The cable car floats over the mountainside above rickety rooftops, labyrinthine streets, palms and pylons of a barrio built by, and named after, the most renowned criminal of all time – Pablo Escobar. Below it lies what was until recently the fortress of the cocaine king, on the northeast edges of Medellín in Colombia.
There is strange silence up here where vultures soar above the bustle, but eventually the cable car reaches its terminus, disgorging passengers into the animation of the place now optimistically renamed Santo Domingo – after the patron saint of hopeful mothers. A donkey-drawn cart full of mangoes, an ostentatious SUV, many old Volkswagens and crowds of young people vie for right of passage along the vivacity of the main street.
The cable car is an articulation of the change since the street and warrens were Escobar’s fiefdom. As is the building that towers above the barrio’s skyline, a granite cliff of award-winning modernist design, the parque biblioteca, or library park, where some of the poorest people in the world come to study, use a computer or just seek respite.
These are symbols of defiance and resurgence in Medellín, two decades ago the most dangerous and murderous city on the planet. A place where several car bombs a day could explode as Escobar’s cartel went to war with the state, its apparatus, elites and society at large. They are part of a bold civic and political venture: to force breathing spaces into the desperately poor and exhausted barrios on the city’s frayed outskirts, in which peace and even opportunity might stand a chance of prevailing.
The enterprise had a face: Sergio Fajardo, mayor of Medellín from 2003 to 2007. He explained his project to a meeting of business people in, of all places, Ciudad Juárez in Mexico, which had inherited Medellín’s mantle as the most dangerous city in the world and epicentre of the global drug war. It was autumn 2009 and he gave a power-point presentation showing the parque biblioteca, literacy projects and arts centres housed in architecturally acclaimed premises on what were once narco-battlefields and landfills. “The [national] politicians told us we were dreamers,” Fajardo told the burghers of Juárez, but he and his team had, he insisted, “closed the door to crime and opened the door of opportunity”.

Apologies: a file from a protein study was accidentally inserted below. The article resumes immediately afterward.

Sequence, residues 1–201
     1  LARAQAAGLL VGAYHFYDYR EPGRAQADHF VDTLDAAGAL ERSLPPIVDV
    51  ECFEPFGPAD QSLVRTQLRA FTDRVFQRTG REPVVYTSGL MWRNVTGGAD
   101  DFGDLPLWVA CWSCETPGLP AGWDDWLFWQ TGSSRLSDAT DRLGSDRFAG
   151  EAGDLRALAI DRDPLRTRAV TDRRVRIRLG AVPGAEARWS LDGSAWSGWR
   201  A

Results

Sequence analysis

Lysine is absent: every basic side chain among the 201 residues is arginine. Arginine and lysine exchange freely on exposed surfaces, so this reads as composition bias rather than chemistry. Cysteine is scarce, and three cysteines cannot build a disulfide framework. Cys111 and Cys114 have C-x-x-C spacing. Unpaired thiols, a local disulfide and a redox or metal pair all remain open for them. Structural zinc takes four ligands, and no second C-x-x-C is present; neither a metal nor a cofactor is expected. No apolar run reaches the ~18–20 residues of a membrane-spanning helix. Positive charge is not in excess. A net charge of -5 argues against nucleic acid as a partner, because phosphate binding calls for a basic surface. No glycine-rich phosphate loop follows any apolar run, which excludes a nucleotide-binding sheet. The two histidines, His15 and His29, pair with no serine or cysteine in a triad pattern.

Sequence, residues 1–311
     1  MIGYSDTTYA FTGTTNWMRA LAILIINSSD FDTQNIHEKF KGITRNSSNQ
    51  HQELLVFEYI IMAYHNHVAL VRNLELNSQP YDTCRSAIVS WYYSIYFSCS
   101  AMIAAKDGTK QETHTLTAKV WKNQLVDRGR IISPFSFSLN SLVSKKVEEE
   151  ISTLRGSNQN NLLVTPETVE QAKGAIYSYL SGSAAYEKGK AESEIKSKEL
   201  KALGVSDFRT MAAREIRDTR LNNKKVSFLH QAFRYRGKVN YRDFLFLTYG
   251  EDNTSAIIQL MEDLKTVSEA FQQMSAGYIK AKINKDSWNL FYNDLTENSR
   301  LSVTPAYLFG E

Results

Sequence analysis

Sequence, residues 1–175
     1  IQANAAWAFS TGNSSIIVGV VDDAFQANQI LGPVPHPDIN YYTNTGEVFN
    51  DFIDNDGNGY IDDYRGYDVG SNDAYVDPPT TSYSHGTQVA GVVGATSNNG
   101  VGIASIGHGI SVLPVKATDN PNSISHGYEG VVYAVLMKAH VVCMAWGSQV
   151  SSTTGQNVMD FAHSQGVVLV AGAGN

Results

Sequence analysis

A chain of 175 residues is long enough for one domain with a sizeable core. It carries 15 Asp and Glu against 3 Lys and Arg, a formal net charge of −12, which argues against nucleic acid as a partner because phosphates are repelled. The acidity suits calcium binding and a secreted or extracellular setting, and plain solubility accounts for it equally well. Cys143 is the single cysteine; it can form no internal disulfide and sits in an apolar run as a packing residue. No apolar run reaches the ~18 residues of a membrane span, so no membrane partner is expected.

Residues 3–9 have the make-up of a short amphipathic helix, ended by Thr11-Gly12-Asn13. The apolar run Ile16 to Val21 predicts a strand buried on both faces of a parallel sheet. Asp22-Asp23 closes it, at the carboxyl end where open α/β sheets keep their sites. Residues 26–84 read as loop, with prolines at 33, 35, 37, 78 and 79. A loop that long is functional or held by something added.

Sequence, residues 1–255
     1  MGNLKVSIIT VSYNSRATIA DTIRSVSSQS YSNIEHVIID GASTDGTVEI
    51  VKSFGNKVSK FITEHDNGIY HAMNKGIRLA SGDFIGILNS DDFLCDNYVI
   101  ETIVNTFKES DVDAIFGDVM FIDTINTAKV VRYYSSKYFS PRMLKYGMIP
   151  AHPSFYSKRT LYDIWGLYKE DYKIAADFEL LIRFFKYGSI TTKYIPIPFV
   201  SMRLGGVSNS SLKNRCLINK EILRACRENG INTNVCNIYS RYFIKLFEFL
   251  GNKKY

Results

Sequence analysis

Now stepping off the cable car in Santo Domingo is Fajardo’s man in the field, responsible for masterminding the resurgence of Medellín on the drawing board and the ground – Alejandro Echeverri.
“Medellín is fiercely proud of its separate identity,” Echeverri says, introducing his native city. “It was colonised by Basques rather than Spaniards; people here call themselves Paisas to distinguish themselves from the rest of Colombia. One thing about Medellín is that things happen – for good and bad, but they happen. We replace our own cell structure. Things move. We provide presidents, academics, writers – and drug lords. Pablo Escobar could only have come from here; on the other hand, what we have tried could also only have started here.”